FIG. 16 shows some components of interactive wagering system 100 that may be used to determine what effects the user's wager may have on associated parimutuel pools. The data that may be required to determine the effects of the user's wager may be stored in computer wagering system 1604, IVR control system 1606, wagering data hub 1602, TV wagering system 1608, or any other suitable devices with data storage facilities which are part of interactive wagering system 100 illustratively shown in FIG. 1. Data signals may be communicated between these devices as shown in FIGS. 1-3.
 The data required to determine what effect the user's wager would have on associated pools may include parameters of the user's proposed wager such as the race track, wager type, wager amount, current odds, and current size of the parimutuel pool (the amount of money wagered for that wager in that race) that is associated with the user selected race or races as shown in data storage block 1610. Once the projected effects of the user's proposed wager on associated parimutuel pools have been determined, the projected effects may be presented to the user with devices such as computer 1612, telephone 1614, television set-top box 1616, or any other suitable user device. These devices are coupled to each other and other parts of interactive wagering system 100 as shown in FIG. 1.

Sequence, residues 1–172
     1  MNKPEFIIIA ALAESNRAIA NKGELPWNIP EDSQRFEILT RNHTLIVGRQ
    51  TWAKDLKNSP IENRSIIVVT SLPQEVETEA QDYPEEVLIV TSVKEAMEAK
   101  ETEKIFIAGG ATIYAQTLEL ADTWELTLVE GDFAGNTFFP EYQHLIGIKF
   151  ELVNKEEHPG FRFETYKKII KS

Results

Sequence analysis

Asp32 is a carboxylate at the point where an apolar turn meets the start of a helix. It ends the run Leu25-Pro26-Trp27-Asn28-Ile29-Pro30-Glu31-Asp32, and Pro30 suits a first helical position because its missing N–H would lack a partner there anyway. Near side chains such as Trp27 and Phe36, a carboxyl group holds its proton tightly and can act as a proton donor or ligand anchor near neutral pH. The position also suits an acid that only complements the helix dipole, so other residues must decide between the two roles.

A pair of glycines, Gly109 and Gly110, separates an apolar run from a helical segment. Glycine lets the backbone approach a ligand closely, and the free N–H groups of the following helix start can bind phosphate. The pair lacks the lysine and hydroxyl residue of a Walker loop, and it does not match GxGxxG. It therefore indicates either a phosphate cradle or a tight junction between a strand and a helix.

FIG. 17A shows process 1700 for an interactive wagering system which allows a user to see the projected effect of the user's proposed wager on parimutuel pools. Process 1700 starts at step 1702, then receives user's input at step 1704. Information is preferably obtained, based on user's input, that affect winnings, such as odds, pool size, and size of wagers on other horses at step 1706. The projected effect of user's proposed wager on associated parimutuel pools is determined at step 1708, and the projected effects are displayed at step 1710. Whether the user's wager is final is preferably determined at step 1712, before the process ends at step 1714. If the user's wager is not final, process 1700 is repeated, starting at step 1704.